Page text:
CARING FOR YOUR CHILD WITH
What Is Asthma?
Asthma is a chronic disease in which normal airflow in airways is blocked. Airways are breathing tubes taking air into and out of lungs. In asthma, airway cells produce more mucus, which becomes thicker and more sticky. Airways clog up and become inflamed, swollen and very small.
Asthma most often starts in childhood. About 6 million children have it. Children have small airways, so their asthma can be especially serious.
What Causes Asthma?
Early-onset asthma (extrinsic, or allergic, asthma) has both genetic and environmental causes. Among these are allergens (molds, pollens, animals), irritants (tobacco smoke, air pollution), weather (cold air), exercise, and infections (flu, colds). Asthma runs in families. Emotional stress may cause asthma attacks.
What Are the Symptoms of Asthma?
Symptoms vary from child to child. They include wheezing (a whistling sound during breathing), coughing, chest tightness, and trouble breathing, especially in early morning or at night.
How Is Asthma Diagnosed?
The health care provider checks symptoms, does a physical examination, and may test lung function, blood, and skin sensitivity. Lung (pulmonary) function tests (spirometry) can tell whether breathing is normal and how sensitive the airways are. However, these tests aren’t accurate before age 6. For children younger than 3, doctors may use a “wait-and-see” approach.
How Is Asthma Treated?
Asthma can be mild irregular (intermittent) (i.e., symptoms less than two times per week). It can be mild long-lasting (persistent), with symptoms more than two times per week but less than once daily. It can be moderate persistent (daily symptoms) or severe persistent (constant symptoms). Treatment depends on asthma’s severity and involves preventing symptoms and treating attacks.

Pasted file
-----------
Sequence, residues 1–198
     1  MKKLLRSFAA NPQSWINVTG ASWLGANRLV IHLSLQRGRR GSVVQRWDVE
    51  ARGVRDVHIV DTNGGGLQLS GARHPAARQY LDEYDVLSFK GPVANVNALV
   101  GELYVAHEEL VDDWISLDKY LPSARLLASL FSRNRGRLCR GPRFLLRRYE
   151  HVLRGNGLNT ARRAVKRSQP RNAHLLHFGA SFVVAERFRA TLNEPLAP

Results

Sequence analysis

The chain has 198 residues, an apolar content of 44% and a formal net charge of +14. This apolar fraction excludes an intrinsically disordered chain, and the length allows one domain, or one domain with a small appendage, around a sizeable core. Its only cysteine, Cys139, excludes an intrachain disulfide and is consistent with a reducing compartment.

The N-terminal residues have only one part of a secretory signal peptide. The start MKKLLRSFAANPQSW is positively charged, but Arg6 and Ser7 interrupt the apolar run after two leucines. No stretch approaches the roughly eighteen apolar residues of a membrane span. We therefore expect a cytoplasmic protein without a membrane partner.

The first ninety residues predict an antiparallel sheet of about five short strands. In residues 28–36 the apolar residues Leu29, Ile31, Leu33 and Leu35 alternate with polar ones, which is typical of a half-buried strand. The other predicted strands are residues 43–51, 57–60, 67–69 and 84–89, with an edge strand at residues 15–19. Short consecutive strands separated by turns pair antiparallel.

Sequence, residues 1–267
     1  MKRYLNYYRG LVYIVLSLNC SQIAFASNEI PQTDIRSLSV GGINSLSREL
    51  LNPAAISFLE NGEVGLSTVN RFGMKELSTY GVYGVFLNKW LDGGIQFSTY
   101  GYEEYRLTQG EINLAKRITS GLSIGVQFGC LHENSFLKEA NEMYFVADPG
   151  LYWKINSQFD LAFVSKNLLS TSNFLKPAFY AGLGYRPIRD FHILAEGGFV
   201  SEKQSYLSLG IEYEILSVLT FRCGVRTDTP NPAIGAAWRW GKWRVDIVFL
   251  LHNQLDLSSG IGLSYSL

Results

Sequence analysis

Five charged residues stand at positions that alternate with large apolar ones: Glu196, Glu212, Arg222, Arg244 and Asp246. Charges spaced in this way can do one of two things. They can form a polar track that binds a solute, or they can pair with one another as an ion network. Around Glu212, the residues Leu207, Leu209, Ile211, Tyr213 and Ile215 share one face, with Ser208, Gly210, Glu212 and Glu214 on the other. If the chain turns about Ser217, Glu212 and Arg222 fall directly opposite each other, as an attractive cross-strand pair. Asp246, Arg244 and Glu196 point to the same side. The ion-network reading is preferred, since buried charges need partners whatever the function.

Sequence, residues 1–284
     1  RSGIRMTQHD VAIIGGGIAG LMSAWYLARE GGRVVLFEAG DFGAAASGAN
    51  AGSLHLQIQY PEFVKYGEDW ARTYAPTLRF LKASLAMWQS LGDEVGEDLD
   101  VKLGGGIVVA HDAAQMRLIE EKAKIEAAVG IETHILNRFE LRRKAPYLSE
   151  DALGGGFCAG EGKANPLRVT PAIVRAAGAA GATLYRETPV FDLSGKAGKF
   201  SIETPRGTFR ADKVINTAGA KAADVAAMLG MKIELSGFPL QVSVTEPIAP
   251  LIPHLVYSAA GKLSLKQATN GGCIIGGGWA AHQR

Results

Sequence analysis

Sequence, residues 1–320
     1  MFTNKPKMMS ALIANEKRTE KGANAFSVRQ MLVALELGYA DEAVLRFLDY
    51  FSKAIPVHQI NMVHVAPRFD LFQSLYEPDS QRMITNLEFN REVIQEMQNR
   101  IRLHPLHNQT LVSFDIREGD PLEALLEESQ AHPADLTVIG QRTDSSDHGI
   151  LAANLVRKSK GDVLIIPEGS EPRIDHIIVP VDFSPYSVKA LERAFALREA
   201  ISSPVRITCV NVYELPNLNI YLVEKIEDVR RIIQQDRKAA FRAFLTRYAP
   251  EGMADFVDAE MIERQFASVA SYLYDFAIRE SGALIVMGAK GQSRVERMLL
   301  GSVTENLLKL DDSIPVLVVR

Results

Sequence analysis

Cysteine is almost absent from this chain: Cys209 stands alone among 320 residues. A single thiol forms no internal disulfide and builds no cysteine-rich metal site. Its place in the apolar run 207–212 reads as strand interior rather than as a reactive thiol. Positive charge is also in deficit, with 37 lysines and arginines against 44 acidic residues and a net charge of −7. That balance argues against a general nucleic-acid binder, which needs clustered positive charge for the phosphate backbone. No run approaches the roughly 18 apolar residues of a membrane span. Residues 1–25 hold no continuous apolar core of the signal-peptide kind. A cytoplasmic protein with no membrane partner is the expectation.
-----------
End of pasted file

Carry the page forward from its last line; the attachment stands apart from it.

Preventive anti-inflammatory drugs are taken daily for long periods. Long-term treatment involves corticosteroids given in inhalers or pills to reduce lung inflammation. These drugs are for mild, moderate, and severe persistent asthma. Quick-relief medicines are for symptomatic treatment. Short-acting bron-chodilators, often given by inhalers, quickly open swollen airways. Long-acting drugs in inhalers are used every 12 hours. Immunotherapy may help children with allergic asthma that can’t be controlled by avoiding triggers.
Older children and teens may use small, hand-held devices called pressurized metered-dose inhalers (MDIs) or inhalers that release a fine powder. Babies and toddlers must use face masks attached to MDIs or nebulizers. A plastic tube device called a “spacer” should always be used with MDI’s.
Lifestyle and home remedies are important for asthma control. Alternative treatments that may help include breathing techniques, acupuncture, and relaxation.
DOs and DON’Ts in Managing Asthma:
- DO have your child always carry an inhaler.
- DO always use a spacer with an inhaler to take your asthma medicine.
- DO make sure that your child maintains a healthy weight.
- DO encourage regular exercise.
- DO reduce dust mites in your house, e.g., by getting rid of carpets and using special (HEPA) filters. Clean regularly.
- DO reduce pet dander by avoiding pets with fur or feathers or by regular bathing or grooming.
- DO review an asthma care plan with your health care provider at least once per year.
- DO call the health care provider if medicines don’t control the asthma or have side effects.
- DO avoid triggers such as cold air and smoke. Maintain low humidity. Use the air conditioner and keep indoor air clean.
- DO learn the symptoms of an asthma flare so you can start treatment at the earliest signs.
- DON’T give your child over-the-counter medicines unless your health care provider says you can.
- DON’T let your child come into contact with asthma triggers. Asthma may be related to cigarette smoke exposure.
Contact the following source:
- The American Academy of Pediatrics
Tel: (847) 434-4000
- American Lung Association
Tel: (800) LUNG-USA
- National Lung Health Education Program
Tel: (303) 839-6755